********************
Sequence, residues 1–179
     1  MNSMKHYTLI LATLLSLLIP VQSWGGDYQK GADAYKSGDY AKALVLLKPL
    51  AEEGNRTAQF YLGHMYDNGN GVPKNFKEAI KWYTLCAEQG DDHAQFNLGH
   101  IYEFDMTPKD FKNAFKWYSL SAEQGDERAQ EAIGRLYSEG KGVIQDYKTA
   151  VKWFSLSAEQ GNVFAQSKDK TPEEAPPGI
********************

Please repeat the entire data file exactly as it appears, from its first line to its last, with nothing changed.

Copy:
Sequence, residues 1–179
     1  MNSMKHYTLI LATLLSLLIP VQSWGGDYQK GADAYKSGDY AKALVLLKPL
    51  AEEGNRTAQF YLGHMYDNGN GVPKNFKEAI KWYTLCAEQG DDHAQFNLGH
   101  IYEFDMTPKD FKNAFKWYSL SAEQGDERAQ EAIGRLYSEG KGVIQDYKTA
   151  VKWFSLSAEQ GNVFAQSKDK TPEEAPPGI